Indicator: Compound annual growth rate (CAGR) of overall health care spending and per capita costs
Description: Compound annual growth rate is a calculation used to measure the average growth or decline in value over a given period of time (e.g. finding an average rate of growth in expenditures per year over ten years).
Indicator Source: The principal data sources for modeling the Cost Curve includes the Centers for Medicare & Medicaid Services’ (CMS) Health Expenditures by State of Residence and National Health Expenditures Projections, the Bureau of Economic Analysis’ state and national Gross Domestic Product (GDP) data, and the California Simulation of Insurance Markets model of the Affordable Care Act. The principal data sources for projecting premiums affordability includes the Berkeley Forum forecasts of health care expenditures, the Kaiser Family Foundation / California HealthCare Foundation’s Employer Health Benefits Survey and the U.S. Census Bureau’s Current Population Survey4
Data Limitations: The Berkeley Forum projections are based on historical trends and other forecasts, which are adjusted for the California context and the Affordable Care Act’s 2014 coverage expansion.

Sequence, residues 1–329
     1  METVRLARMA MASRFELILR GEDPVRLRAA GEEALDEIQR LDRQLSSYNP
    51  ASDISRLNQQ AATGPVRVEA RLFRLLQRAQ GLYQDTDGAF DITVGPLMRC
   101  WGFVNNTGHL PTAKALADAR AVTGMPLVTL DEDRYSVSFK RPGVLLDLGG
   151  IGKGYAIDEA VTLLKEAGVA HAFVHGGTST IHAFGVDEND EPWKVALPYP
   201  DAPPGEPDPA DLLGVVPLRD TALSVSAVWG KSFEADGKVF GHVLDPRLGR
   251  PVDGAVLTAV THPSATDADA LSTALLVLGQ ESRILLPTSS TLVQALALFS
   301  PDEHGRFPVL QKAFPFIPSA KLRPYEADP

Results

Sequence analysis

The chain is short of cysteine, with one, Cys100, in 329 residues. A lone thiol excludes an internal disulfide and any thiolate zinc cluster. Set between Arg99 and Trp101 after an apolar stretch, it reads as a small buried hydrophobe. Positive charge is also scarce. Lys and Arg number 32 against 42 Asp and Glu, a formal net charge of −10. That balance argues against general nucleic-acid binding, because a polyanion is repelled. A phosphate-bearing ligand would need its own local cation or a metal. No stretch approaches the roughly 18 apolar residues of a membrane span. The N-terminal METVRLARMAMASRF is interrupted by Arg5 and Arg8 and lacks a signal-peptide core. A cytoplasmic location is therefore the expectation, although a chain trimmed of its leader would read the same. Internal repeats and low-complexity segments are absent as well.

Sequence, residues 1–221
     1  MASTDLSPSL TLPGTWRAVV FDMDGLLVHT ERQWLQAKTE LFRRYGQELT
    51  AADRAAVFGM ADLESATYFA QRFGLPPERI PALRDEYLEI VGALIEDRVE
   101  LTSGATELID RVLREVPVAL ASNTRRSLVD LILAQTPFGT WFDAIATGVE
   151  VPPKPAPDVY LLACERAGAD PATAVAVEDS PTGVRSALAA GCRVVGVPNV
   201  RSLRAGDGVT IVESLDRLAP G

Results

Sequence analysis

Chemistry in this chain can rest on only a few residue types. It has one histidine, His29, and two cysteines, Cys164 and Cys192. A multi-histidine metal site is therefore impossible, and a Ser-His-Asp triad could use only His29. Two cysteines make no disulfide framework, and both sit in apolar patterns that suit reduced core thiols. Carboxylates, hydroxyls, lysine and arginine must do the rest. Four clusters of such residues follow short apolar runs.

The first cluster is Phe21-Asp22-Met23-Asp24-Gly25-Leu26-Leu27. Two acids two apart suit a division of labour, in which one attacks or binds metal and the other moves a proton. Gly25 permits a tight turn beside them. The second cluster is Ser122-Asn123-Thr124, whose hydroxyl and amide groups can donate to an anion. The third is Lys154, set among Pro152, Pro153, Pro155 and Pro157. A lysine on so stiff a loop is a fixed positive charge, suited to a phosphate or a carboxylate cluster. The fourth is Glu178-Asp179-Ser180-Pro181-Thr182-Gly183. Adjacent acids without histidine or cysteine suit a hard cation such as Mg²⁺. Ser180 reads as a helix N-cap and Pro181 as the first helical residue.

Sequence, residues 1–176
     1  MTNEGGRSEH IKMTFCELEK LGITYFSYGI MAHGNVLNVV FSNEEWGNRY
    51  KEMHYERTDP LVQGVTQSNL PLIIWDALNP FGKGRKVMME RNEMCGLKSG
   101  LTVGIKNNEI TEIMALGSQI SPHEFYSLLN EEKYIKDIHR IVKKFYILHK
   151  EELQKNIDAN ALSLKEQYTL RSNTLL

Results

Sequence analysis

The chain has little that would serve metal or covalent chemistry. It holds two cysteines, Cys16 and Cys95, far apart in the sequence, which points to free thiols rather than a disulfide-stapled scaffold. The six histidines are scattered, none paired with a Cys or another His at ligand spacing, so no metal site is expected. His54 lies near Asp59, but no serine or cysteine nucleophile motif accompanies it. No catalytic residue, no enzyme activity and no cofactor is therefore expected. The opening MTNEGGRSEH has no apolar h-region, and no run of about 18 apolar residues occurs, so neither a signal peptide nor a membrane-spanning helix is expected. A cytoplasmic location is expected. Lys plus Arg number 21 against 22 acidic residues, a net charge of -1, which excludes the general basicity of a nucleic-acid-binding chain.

CMS provides historical data only for personal health care expenditures. Thus, to compare California health care spending with that in the United States as a whole, estimates of non-personal health care expenditures in California are needed.4
At the state level, the Bureau for Economic Analysis’ GDP data is grouped with health care and social assistance as one industry according to the 2007 North American Industry Classification System (NAICS). Although health care and social assistance costs overlap in many areas, the California CAGR calculations are not exclusively related to health care.
Data Collection Methodology: The Bureau of Economic Analysis collects gross domestic product (GDP) data by state quarterly by calendar year. The estimates of GDP by state are collected by using Census Bureau data on receipts, payroll, and company financials as well as various data sources relating to compensation of employees, taxes on production and imports, subsidies, and gross operating cost.5
For this indicator, CAGR of overall health spending was calculated using a 10-year increment. This was done to increase stability of the CAGR output value and allow a direct comparison with the baseline values calculated in the 2012 Task Force Report.
To project California’s personal health care expenditures, The Berkeley Forum applied the Centers for Medicare and Medicaid Services’ (CMS) US per capita personal health care expenditures growth rate projections to California, starting with California’s 2009 per capita figure. This approach was chosen because California personal health care expenditures growth has tracked the comparable US figure for almost twenty years.
Then, to obtain the projected California per capita personal health care expenditures figure, per capita non-personal health care expenditures estimate was added using CMS’ national projections. This assumption produced California projections for per capita state health care expenditures beginning in 2010. The above approach was used to obtain California projections through 2022, with slight modifications for 2013.4